It’s done. The lids are screwed down, the jars still warm are filled to the brim. The first chutney is in.
Our fabulous courgette plants are already producing plump marrows that I certainly don’t want to waste. Coinciding beautifully with the plums coming into season it seemed like the perfect time to make a batch of chutney. I am using the recipe I found so great last year from the River Cottage Cookbook. The River Cottage Chutney can be made with a variety of fruit and veg, I used marrow from the garden along with onions, plums and apples bought from local producers at the farmers market. A truly home grown affair.
I followed Hugh’s advice and took the time to hand chop much of the fruit and veg to give a nice texture to the finished product, though the onions went straight in the food processor! After a few hours of cooking the crisp marrow, apple and onion had merged with the plums and other highly classified ingredients to make this:
This mysterious soup marinades into the perfect spread to go with meat or cheese and is ubiquitous English fare. Many of our Canadian friends are unfamiliar with chutney but we are slowly winning them round with chunky cheese and chutney sandwiches on home made bread. Who could resist the tangy, fruity, sharpness of a really good chutney? Not us that’s for sure.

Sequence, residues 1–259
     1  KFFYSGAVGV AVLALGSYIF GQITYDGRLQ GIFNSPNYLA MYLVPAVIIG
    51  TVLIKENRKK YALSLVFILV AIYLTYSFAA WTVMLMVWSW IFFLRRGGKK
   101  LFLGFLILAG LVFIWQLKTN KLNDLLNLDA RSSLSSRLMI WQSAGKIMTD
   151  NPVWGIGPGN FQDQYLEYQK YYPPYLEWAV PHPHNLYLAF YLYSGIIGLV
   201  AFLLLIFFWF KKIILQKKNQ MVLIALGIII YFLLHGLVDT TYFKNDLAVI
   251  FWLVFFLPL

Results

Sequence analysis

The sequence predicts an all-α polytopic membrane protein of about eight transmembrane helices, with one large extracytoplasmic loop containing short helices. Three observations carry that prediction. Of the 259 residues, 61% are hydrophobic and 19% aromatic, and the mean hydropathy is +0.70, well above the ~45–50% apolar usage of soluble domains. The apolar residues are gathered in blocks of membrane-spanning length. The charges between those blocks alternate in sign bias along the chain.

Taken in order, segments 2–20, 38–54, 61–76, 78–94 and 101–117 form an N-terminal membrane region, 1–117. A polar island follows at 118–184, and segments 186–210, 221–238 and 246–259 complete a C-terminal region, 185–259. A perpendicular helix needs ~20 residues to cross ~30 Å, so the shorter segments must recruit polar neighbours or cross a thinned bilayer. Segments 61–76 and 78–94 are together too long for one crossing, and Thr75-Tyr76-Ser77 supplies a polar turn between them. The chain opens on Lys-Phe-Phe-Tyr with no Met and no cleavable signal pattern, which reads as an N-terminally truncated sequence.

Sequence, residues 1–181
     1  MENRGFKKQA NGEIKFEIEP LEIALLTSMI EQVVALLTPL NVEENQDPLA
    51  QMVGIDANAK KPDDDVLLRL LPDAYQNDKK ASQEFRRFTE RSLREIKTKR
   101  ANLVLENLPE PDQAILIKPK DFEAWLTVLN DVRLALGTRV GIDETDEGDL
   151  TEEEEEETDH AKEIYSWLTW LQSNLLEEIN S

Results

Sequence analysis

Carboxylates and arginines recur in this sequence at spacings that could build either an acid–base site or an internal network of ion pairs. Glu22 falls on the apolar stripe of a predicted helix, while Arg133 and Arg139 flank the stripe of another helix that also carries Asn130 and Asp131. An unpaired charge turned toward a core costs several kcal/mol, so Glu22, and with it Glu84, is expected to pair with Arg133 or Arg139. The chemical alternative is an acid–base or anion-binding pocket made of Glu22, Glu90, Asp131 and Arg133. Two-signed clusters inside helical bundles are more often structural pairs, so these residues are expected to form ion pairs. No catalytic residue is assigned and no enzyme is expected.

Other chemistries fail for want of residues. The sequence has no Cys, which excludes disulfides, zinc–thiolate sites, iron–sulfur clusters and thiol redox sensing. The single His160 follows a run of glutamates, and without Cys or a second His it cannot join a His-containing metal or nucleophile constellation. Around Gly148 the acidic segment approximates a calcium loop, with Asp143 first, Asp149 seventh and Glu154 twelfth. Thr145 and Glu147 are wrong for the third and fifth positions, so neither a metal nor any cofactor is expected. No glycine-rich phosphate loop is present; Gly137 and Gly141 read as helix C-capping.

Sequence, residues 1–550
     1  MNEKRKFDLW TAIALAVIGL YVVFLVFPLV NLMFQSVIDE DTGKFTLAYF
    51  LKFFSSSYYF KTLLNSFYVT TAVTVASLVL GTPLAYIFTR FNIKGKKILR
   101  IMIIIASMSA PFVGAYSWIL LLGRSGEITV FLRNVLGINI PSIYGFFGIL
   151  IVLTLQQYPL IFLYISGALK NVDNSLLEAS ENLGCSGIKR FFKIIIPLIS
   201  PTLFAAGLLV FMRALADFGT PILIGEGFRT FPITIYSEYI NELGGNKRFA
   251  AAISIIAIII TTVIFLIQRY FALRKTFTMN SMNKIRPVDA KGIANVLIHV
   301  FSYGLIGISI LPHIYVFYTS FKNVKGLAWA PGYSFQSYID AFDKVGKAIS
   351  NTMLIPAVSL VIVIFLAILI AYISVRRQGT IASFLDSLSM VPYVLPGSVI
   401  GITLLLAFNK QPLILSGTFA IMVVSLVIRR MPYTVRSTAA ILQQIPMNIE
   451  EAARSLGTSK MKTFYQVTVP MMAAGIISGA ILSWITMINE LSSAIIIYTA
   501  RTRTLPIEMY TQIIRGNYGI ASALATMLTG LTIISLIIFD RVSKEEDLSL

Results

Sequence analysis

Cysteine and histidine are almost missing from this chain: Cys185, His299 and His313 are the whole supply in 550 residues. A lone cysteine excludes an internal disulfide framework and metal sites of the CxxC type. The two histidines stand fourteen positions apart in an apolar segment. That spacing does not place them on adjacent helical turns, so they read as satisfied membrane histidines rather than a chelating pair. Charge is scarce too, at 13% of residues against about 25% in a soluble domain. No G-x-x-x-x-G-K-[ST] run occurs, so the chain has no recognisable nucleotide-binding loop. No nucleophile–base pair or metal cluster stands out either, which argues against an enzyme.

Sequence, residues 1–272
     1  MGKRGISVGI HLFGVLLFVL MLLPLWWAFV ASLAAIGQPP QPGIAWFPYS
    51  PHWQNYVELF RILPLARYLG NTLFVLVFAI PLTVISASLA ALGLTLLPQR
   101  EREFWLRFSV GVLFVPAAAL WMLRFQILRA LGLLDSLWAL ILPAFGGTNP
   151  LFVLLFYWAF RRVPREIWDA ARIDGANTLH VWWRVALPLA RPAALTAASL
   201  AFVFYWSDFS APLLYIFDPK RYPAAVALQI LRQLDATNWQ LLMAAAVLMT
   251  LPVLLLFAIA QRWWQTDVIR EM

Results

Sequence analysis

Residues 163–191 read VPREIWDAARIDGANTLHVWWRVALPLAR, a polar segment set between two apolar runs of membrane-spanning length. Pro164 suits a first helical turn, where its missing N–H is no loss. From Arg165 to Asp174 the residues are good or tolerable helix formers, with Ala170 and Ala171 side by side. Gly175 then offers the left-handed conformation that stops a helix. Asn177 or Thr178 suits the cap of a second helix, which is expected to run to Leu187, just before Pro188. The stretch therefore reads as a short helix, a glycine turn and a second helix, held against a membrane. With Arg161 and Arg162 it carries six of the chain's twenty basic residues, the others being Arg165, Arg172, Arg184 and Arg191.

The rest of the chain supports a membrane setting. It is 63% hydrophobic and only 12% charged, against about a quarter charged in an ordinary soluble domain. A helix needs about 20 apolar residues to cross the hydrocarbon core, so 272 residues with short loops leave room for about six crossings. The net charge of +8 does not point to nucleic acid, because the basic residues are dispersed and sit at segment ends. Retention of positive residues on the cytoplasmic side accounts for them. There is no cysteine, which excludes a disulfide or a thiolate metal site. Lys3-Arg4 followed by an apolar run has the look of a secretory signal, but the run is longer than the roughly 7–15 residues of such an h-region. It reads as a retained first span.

A jar brimming with homemade produce fills me with all sorts of Amish joy. It is a satisfaction beyond anything that can be purchased. My family will feast on this fare for many months to come and, as with so many things, this chutney will only improve with age.
This batch of loveliness has been perfectly timed as the last jars, made in the Autumn of ’08, are in the final stages of being demolished. Of course no jars will be opened before they have matured for a couple of weeks, but they will be ready in time to prevent any kind of tasty sandwich withdrawal setting in.
I’m aware that a circle has been closed. The previous year’s produce is finished and we are restocking our freezer and pantry with the products of this year’s work. Through the winter months we will still be enjoying the fruits (and vegetables) of our labour, sustained by the flavours and the memories of summer. But last year is gone. There is a simple finality to the turning of a year belying the incredible highs and almost unbearable lows of the last 12 months. I know the process of life is anything but simple but there are things we can do, steps we can take that move us ever forward. Our work is rewarded by the pleasures promised in the glistening jars for our future selves.
No one can know what the next year will bring, but for today I am satisfied. Satisfied to say, I did that.